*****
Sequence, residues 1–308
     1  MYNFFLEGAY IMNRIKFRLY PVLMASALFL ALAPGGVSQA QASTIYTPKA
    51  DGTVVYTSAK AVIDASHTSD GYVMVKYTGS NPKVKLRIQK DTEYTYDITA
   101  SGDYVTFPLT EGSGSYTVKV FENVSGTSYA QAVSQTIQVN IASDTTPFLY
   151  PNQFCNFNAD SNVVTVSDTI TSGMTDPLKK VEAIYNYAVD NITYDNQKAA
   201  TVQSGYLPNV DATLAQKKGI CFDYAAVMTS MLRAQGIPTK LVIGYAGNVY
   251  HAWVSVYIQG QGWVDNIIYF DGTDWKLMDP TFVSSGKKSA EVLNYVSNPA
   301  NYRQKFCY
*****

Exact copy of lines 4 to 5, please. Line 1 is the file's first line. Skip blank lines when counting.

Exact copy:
   101  SGDYVTFPLT EGSGSYTVKV FENVSGTSYA QAVSQTIQVN IASDTTPFLY
   151  PNQFCNFNAD SNVVTVSDTI TSGMTDPLKK VEAIYNYAVD NITYDNQKAA